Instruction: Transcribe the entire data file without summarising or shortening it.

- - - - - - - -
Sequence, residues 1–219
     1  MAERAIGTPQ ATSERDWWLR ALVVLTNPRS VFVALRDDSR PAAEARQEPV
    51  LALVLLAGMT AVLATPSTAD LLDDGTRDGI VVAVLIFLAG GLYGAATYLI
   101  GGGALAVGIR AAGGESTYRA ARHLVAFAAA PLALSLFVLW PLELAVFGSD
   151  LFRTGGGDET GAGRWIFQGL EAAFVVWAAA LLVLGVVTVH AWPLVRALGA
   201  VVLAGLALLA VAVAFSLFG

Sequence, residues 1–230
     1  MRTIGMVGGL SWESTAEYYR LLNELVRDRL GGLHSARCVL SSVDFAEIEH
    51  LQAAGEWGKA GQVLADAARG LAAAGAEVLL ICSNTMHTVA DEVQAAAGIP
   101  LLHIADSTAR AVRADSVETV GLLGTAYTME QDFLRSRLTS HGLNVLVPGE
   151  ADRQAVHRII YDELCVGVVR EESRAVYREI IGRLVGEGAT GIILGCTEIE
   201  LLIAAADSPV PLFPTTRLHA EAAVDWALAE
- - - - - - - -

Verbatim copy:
Sequence, residues 1–219
     1  MAERAIGTPQ ATSERDWWLR ALVVLTNPRS VFVALRDDSR PAAEARQEPV
    51  LALVLLAGMT AVLATPSTAD LLDDGTRDGI VVAVLIFLAG GLYGAATYLI
   101  GGGALAVGIR AAGGESTYRA ARHLVAFAAA PLALSLFVLW PLELAVFGSD
   151  LFRTGGGDET GAGRWIFQGL EAAFVVWAAA LLVLGVVTVH AWPLVRALGA
   201  VVLAGLALLA VAVAFSLFG

Sequence, residues 1–230
     1  MRTIGMVGGL SWESTAEYYR LLNELVRDRL GGLHSARCVL SSVDFAEIEH
    51  LQAAGEWGKA GQVLADAARG LAAAGAEVLL ICSNTMHTVA DEVQAAAGIP
   101  LLHIADSTAR AVRADSVETV GLLGTAYTME QDFLRSRLTS HGLNVLVPGE
   151  ADRQAVHRII YDELCVGVVR EESRAVYREI IGRLVGEGAT GIILGCTEIE
   201  LLIAAADSPV PLFPTTRLHA EAAVDWALAE